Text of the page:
With patience and the correct training tools, it should be possible to train a Border Beagle to a very high standard and there is no reason why they shouldn’t excel in a number of dog activities like their Border Collie parents.

The fantastic sense of smell that this breed may inherit from their Beagle half may be a blessing or a curse. It will certainly work to their advantage in scenting tasks and on hunts, though may pose a distraction from other activities that don’t require scenting, such as agility and obedience.


Keeping in mind that the Border Beagle is a relatively new mixed breed that has not had any health studies performed on it, it is a challenge predicting what conditions we need to monitor for. However, analysing the health of each of their parents can help to point us in the right direction. It would be prudent to monitor the population for the following conditions:

Hip Dysplasia

One of the more prevalent conditions in the canine world, hip dysplasia can be a life-limiting disease that dramatically reduces a dog’s quality of life. Affected animals may start to show signs from 6 months of age, though these signs can be subtle and owners may not pick up on them for some time. A reduced willingness to exercise or an altered gait can be some of the early signs. Later in the course of the disease, dogs will begin to develop arthritis in their hip joints and will become progressively more lame and uncomfortable. A vet may be suspicious of the condition after carrying out an orthopaedic exam and will often follow-up by performing X-rays of the hips, spine and hind limbs.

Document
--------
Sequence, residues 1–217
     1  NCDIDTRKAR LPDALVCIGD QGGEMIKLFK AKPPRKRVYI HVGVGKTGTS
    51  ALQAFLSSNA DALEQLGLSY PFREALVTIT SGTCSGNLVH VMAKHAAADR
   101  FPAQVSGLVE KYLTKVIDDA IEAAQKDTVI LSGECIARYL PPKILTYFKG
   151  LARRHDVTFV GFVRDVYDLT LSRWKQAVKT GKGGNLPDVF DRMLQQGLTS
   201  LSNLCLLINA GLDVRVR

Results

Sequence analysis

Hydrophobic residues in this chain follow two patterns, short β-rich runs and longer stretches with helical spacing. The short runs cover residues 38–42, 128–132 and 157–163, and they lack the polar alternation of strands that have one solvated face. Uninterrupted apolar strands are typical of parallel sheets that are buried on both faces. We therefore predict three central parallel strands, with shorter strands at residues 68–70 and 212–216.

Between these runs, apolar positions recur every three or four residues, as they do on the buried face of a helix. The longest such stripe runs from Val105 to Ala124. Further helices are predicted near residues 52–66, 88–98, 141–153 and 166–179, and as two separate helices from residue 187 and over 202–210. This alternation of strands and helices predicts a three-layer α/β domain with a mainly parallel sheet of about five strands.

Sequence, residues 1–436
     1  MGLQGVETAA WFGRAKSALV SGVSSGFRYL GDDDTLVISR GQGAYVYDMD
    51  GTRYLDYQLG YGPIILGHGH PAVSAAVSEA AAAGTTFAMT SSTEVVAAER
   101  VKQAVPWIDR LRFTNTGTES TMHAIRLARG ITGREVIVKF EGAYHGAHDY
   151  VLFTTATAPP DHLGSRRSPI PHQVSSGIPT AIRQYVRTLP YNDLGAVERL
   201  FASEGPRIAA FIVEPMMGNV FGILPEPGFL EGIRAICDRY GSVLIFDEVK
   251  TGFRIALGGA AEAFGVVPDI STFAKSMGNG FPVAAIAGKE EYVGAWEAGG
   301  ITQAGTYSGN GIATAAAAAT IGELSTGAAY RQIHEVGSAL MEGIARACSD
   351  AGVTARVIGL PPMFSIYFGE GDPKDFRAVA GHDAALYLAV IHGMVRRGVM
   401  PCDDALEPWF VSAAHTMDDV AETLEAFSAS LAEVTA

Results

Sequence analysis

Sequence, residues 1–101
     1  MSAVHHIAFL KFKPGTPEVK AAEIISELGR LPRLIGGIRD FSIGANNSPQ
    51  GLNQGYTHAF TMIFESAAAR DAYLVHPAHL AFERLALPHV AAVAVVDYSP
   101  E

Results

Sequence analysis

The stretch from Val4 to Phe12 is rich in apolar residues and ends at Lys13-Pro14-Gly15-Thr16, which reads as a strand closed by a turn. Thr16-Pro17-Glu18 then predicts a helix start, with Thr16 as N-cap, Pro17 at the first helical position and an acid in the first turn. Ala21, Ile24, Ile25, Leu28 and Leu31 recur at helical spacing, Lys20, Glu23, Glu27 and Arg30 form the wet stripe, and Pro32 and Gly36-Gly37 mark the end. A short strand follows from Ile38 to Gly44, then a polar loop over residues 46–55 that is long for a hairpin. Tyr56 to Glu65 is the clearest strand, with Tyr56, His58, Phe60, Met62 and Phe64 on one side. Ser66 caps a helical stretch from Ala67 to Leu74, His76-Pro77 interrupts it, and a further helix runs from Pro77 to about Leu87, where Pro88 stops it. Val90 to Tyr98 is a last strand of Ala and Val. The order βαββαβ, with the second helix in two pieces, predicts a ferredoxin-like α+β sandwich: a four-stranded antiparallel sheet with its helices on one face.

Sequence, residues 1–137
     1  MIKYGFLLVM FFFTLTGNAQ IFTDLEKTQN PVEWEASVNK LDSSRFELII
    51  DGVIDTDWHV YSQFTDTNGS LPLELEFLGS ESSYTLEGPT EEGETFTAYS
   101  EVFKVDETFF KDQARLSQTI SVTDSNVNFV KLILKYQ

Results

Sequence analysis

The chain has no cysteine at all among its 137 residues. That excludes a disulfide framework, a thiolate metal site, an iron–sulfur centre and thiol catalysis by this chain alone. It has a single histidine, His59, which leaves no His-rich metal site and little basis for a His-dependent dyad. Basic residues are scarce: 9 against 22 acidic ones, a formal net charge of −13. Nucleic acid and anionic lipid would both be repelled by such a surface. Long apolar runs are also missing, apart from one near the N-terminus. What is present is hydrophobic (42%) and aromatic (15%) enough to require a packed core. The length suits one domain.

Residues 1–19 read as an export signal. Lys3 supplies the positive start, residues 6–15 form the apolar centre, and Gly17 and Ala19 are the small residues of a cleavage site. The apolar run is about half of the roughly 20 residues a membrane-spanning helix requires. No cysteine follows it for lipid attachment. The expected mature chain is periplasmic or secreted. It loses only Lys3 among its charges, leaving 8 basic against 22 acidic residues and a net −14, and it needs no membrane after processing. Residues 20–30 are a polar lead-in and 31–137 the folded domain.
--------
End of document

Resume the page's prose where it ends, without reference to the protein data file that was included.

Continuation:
Many diagnosed cages are managed with a multi-modal approach that may include weight loss, an exercise programme, hydrotherapy, joint supplements and anti-inflammatory medication. In severely affected animals, a total hip replacement may be offered. As this disease is known to be inherited it would be irresponsible to breed from an affected dog and it is recommended that these dogs are sterilised to prevent accidental matings.